Some courts have considered it to be a jury question whether acceptance of late payments amounts to a waiver of the non-waiver clause. Smith v. General Finance, (1979) 243 Ga. 500, 255 S.E.2d 14. We consider this approach to be illogical, since the very conduct which the clause is designed to permit acceptance of late payment is turned around to constitute waiver of the clause permitting the conduct.

We believe the correct approach is that

"[U]nder an installment ... contract providing that waiver of any default shall not be deemed a waiver of any other or subsequent default, the acceptance of late payments ... does not constitute a waiver of the secured party's right to demand that payments be made according to contract provisions, or to declare a default and repossess... ." 79 C.J.S.Supp. Secured Transactions § 100 (1974).

See, e.g. McAllister v. Langford Investigators, Inc., (Ala.App. 1980) 380 So. 2d 299; General Grocer Co. v. Bachar, (1977) 51 Ill. App.3d 907, 8 Ill.Dec. 720, 365 N.E.2d 1106; Universal C.I.T. Corp. v. Middlesboro Motor Sales, Inc., (Ky. 1968) 424 S.W.2d 409.

The article on Secured Transactions contains the following provision:

"General validity of security agreement. Except as otherwise provided by this act [26-1-1-101-26-1-10-106] a security agreement is effective according to its terms between the parties, against purchasers of the collateral and against creditors."

Norris, by signing the retail instalment sale contract, agreed to the terms of the non-waiver clause.

If the security agreement is to be truly effective according to its terms, we must conclude that AFNB did not waive its rights to demand strict compliance and to pursue its contract and statutory remedies.

The question remains, however, whether, even though there was no outright waiver of the rights to declare a default, accelerate, and repossess, there was nevertheless a duty to notify Norris that the rights would be enforced and that the AFNB intended to repossess.

Jurisdictions are split on this question. One approach is to hold that although the non-waiver clause preserves the substantive rights of the secured party to declare a default and repossess the collateral in spite of continual acceptance of late payments, where the fact of such continual acceptance would lead a buyer to believe that his late payments would be accepted and that he would be allowed to catch up in his arrearages, notification of a change in this pattern should be given to the buyer before acceleration and/or repossession. See, e.g. Cobb v. Midwest Recovery Bureau Co., (1980) Minn., 295 N.W.2d 232, 28 UCC Rep. 941; Ford Motor Credit Co. v. Waters, (Fla., 1973), 273 So. 2d 96.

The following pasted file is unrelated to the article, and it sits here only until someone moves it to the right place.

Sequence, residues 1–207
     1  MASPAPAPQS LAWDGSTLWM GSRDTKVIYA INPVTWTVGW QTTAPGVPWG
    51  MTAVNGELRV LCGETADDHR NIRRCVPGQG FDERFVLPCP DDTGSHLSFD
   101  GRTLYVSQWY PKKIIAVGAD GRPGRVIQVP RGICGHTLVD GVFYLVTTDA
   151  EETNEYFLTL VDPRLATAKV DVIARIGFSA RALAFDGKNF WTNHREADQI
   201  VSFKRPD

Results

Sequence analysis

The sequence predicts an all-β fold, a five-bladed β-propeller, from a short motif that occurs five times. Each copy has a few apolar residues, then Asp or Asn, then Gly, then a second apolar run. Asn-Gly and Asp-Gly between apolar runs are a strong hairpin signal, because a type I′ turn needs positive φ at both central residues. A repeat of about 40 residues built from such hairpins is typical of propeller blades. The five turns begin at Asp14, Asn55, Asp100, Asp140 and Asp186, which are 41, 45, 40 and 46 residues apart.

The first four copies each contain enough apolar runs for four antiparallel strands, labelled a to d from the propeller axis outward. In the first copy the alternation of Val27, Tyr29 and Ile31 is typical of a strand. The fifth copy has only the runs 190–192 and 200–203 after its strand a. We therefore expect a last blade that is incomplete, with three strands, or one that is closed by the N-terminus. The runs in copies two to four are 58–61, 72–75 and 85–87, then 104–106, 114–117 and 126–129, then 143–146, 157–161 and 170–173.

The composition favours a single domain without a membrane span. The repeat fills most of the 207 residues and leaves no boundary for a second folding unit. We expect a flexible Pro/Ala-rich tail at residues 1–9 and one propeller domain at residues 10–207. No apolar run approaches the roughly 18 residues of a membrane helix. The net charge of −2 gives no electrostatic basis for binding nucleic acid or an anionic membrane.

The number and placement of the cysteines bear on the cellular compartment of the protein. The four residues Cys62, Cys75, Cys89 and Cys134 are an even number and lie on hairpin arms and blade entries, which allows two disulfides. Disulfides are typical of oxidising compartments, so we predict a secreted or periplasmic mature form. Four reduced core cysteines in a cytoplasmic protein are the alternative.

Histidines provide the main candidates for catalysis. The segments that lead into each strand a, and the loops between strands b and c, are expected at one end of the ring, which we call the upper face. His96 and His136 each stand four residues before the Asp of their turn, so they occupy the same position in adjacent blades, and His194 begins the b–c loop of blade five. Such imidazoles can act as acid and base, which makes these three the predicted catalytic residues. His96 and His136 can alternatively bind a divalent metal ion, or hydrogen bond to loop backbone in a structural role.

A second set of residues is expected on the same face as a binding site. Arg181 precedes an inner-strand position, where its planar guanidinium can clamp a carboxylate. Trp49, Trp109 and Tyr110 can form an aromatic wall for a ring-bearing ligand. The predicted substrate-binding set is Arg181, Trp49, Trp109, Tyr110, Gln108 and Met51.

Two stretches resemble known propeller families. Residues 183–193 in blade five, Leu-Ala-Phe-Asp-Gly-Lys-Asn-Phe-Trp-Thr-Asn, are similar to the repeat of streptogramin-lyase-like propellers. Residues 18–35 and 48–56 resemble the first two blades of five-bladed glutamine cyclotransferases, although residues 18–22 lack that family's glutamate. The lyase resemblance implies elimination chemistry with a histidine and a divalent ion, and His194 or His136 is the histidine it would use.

We note that the former case is not a sound decision, since it begs the question of validity of the non-waiver clause. The cases it cites all stand for the general proposition that notice is a prerequisite to exercise of the right to repossess after continual acceptance of late payments. None of the cases cited in Cobb involved a non-waiver clause.

*122 In short, this line of cases properly considers that the secured party has preserved strict compliance through the non-waiver clause, but imposes the duty of notice.

Another approach is to hold that since a security agreement is to be enforced according to its terms, an agreement containing a non-waiver and non-modification clause gives the secured party the right to take possession of the collateral without notice upon default. See Hale v. Ford Motor Credit Co., (Ala., 1979), 374 So. 2d 849; Wade v. Ford Motor Credit Co., (D.C.E.D. Mo., 1978), 455 F. Supp. 147.

We believe the latter approach better serves the purpose of Ind. Code § 26-1-9-503, and carries out the terms to which Norris agreed. If the non-waiver clause preserves the secured party's right to demand strict compliance, and the debtor's failure to comply with the terms would otherwise give rise to the secured party's right to repossession without notice, then, we believe, the right to repossess without notice is similarly preserved.

As this Court said in analyzing the general concept of waiver: